thunder rumbles in the East.
Insects stir from secret places.
Grasses, trees and brush spread green.
Wings! Wings everywhere! The new come swallows,
pairs and pairs, within my home
find last year’s nest still here,
and come, together, to rest, again.

Since you and I were parted, I have
watched the garden gate pile up in leaves.
My heart’s no rolling stone.
And yours?
Do you love me still?

J.P. Seaton

Moving house

Once upon a time: I wanted to go live in South Village,
not because of some augery, it was just that I’d heard
good simple men lived there, folks I’d have
been happy to spend time with, mornings and evenings.
Many years, that was what I wanted; now,
today, it’s what, hereafter, I shall be known for!
Well, a simple man’s house doesn’t have to be big,
All I’ll need is a bed, and a mat on a floor is a bed.
Then my neighbors will come visiting, and
we’ll talk, we can argue, happy, over other times,
We’ll read scarce bits of honest histories, enjoying them, together.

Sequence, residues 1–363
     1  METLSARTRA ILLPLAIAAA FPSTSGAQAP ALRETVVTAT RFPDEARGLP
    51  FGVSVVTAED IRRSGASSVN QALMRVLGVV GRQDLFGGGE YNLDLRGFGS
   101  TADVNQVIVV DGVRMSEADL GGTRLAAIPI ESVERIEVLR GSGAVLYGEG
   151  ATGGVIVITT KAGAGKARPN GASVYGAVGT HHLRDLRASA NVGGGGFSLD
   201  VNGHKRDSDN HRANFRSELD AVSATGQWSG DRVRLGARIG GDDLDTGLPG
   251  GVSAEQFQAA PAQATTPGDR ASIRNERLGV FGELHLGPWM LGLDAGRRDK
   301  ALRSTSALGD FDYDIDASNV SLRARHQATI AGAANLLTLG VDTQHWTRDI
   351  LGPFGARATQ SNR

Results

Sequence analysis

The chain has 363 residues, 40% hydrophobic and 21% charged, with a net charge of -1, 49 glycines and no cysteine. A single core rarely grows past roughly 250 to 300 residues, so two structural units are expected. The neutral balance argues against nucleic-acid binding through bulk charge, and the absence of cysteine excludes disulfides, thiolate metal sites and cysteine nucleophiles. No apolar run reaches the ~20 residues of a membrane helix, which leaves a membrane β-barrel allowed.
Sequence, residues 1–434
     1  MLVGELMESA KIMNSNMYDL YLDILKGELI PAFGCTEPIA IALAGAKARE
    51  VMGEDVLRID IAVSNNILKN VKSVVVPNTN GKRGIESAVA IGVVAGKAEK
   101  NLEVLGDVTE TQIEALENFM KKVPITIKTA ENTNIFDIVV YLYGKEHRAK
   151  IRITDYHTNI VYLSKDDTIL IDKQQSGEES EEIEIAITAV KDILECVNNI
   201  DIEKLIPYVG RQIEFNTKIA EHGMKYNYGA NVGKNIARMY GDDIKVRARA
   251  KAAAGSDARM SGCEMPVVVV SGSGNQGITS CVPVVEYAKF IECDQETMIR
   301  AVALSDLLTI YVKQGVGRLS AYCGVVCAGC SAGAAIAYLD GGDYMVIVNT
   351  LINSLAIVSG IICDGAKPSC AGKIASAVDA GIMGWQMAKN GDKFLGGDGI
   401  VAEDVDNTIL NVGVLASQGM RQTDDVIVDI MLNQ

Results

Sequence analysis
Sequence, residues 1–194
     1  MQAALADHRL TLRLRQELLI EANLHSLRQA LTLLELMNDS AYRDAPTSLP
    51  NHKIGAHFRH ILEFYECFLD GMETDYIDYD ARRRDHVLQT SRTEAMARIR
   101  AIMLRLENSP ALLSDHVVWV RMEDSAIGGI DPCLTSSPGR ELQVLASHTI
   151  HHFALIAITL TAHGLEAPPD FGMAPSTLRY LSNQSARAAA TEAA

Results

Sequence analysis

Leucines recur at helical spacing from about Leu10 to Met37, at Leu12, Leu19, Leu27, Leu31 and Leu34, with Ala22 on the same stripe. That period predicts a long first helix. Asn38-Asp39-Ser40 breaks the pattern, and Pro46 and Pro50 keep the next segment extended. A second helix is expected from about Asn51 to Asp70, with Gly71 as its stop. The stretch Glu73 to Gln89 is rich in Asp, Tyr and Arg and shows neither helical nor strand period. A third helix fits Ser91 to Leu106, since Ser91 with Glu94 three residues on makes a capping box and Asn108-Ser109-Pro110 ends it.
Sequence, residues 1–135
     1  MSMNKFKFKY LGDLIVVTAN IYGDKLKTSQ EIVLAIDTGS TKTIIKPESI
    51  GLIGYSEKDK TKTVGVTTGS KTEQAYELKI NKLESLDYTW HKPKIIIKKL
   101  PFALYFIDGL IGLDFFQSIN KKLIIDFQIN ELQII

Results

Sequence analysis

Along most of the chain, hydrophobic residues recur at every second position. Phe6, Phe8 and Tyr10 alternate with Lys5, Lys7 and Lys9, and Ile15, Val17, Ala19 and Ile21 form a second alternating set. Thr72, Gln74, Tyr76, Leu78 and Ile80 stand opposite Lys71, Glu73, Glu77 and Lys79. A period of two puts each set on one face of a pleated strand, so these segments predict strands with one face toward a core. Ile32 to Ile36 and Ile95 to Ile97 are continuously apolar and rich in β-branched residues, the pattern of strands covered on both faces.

We’ll settle all the old world’s questions, together.

J.P. Seaton

 

Drinking Wine #2

The Way`s been in ruins a thousand
years. People all hoard their hearts

away: so busy scrambling for esteemed
position, they’d never touch wine.

But whatever makes living precious
occurs in this one life, and this

life never lasts. It’s startling,
sudden as lightning. These hundred

years offer all abundance: Take it!
What more could you make of yourself ?

David Hinton

Drinking Wine #3

I live in town without all that racket
horses and carts stir up, and you wonder

how that could be. Wherever the mind
dwells apart is itself a distant place.

Picking chrysanthemums at my east fence,
far off; I see South Mountain: mountain

air lovely at dusk, birds in Bight